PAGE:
Amgen, a new EHTEL member, is a world leader in biotechnology. The company’s European Hub is based in Rotkreuz (Zug) in Switzerland.
Given EHTEL’s interest in the Medical Devices Regulation, Amgen told the association about its FH Score tool.
Developing a scoring tool
Back in 2017/18, Amgen was already focused on software as a medical device. The company’s first software to be recognised as a medical device – Software as a Medical Device – was its ‘FH Score’.
‘FH Score’ is scoring tool that helps healthcare professionals to diagnose patients with familial hypercholesterolemia (FH). FH is an inherited genetic disorder that benefits from DNA testing of individuals and their at-risk relatives. Today, some 85% of people with the disorder have not yet been diagnosed. On average, the disorder affects one person in 500 – in some European countries this is as many as one in 250.
The FH Score tool has been endorsed by the European Atherosclerosis Society. More than 10 other medical associations from as far and wide as Australia to Slovenia also support the tool.
How does the tool work?
FH Score demonstrates the need to develop a robust system for identification and management of FH patients in primary care.
The FH Score tool identifies high-risk patients with cardio-vascular conditions through use of a range of materials: educational tools; speaker training; a sample audit tool based on data extracted from electronic medical records; and a tool to undertake a ‘voluntary audit’.
The initiative can flag up patients who are either at risk of FH or who have it. The fact that these patients can get access to preventative treatments earlier leads to better overall outcomes for them.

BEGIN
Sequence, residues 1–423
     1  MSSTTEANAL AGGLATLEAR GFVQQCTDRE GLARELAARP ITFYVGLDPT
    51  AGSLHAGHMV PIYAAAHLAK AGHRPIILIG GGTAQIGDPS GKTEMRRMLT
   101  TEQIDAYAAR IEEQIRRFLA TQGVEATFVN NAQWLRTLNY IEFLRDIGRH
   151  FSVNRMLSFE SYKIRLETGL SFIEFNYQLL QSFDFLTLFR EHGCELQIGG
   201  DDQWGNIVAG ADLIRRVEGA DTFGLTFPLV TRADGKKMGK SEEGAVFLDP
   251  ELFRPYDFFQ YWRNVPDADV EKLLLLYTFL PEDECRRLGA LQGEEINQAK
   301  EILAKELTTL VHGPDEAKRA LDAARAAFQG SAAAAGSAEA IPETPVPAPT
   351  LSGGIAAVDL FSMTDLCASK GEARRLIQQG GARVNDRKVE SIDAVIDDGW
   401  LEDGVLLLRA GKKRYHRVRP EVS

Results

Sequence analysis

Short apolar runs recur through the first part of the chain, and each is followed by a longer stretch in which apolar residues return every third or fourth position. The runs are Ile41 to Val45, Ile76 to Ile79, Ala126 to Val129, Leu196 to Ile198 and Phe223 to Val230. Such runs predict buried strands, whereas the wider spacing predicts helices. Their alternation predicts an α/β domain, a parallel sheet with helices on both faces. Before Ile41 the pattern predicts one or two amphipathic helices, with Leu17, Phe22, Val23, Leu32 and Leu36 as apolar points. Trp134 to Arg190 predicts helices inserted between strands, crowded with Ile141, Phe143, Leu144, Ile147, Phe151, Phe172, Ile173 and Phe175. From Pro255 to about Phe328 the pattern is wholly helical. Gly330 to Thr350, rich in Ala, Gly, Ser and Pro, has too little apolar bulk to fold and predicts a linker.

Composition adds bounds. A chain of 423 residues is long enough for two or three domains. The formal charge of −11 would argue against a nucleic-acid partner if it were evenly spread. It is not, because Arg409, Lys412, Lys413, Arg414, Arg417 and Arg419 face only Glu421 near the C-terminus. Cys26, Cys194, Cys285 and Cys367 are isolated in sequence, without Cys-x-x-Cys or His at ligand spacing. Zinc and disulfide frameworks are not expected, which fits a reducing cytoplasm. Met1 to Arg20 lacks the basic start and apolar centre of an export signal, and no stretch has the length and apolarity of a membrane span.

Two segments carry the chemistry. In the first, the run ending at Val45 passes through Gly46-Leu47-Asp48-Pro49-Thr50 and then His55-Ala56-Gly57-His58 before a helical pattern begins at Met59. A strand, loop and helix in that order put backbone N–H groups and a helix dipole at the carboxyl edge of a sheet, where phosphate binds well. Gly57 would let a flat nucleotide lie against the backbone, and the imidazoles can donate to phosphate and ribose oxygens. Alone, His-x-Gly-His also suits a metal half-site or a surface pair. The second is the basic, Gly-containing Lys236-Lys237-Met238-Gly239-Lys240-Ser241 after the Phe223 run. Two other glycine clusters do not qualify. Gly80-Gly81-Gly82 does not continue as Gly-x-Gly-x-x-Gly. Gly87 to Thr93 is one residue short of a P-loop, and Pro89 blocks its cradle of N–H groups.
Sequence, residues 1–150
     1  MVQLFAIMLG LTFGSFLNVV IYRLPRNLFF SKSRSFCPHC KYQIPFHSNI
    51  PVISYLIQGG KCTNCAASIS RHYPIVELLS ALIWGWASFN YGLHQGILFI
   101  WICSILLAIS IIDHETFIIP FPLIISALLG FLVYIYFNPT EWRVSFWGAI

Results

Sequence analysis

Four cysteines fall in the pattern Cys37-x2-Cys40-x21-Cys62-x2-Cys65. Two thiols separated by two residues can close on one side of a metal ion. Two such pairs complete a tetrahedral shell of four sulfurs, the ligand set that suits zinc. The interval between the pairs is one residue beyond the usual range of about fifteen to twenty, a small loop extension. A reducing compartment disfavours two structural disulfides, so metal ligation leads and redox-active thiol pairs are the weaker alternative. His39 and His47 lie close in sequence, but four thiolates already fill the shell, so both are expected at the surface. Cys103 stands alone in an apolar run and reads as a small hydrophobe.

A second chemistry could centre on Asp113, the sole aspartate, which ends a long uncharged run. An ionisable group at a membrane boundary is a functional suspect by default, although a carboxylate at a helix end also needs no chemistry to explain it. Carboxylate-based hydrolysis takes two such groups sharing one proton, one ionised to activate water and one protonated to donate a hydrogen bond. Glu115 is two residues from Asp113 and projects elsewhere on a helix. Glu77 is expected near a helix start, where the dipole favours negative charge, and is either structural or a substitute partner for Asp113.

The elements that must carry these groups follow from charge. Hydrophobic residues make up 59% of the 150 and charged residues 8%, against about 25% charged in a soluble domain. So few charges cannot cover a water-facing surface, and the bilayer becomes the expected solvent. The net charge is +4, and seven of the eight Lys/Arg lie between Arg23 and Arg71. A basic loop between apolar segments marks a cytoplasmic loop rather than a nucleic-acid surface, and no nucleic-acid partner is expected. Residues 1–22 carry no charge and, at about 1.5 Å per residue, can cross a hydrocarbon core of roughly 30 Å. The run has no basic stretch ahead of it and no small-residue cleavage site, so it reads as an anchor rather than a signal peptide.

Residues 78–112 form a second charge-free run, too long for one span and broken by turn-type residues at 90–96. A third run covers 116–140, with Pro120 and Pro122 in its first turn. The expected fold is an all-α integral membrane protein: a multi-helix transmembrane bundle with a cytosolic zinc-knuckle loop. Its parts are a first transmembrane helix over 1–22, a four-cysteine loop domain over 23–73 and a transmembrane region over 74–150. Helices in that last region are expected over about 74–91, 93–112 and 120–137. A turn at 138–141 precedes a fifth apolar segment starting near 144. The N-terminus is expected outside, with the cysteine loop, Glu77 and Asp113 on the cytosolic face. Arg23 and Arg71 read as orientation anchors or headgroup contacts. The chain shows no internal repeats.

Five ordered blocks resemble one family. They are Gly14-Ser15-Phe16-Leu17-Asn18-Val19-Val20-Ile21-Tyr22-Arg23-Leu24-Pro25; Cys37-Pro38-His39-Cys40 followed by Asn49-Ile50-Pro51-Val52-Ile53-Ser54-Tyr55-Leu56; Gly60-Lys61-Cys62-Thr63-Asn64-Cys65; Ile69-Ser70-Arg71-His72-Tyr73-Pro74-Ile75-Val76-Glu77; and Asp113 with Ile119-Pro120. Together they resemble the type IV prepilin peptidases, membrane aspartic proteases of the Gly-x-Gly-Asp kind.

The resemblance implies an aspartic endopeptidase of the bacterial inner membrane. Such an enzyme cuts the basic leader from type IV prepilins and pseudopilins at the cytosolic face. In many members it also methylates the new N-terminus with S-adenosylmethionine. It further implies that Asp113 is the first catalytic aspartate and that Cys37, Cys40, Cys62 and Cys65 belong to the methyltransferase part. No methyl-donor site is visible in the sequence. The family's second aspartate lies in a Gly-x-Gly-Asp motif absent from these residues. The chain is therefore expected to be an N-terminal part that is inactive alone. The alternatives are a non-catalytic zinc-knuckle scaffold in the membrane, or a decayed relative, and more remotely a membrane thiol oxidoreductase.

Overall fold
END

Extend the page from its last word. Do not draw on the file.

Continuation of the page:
Working together is important
An initiative like FH Score often needs many partners who work together collaboratively. Among Amgen’s partners in this venture were people in an EIT Health consortium. Included were the University of Maastricht (Netherlands), medical societies in both the Netherlands and Spain, and the Irish College of General Practitioners.
Ultimately, the ambition is for FH Score to be used by health care professionals in at least 12 countries. Used with more than 48,000 patients to date, it has helped to identify some 35,000 patients at risk of or who have the condition.
FH Score clearly highlights the importance of genetics and genomics. This is just one reason that EHTEL plans to cover genetic challenges in its 2021 Thought Leaders Symposium. The association looks forward to learning more about biotechnology through its collaboration with Amgen.
For more info on FH:
- DigitalHealthEurope, a project in which EHTEL is involved, explored the importance of genomics.
- One country took the FH Score work further. Public Health England developed detailed guidance on the condition.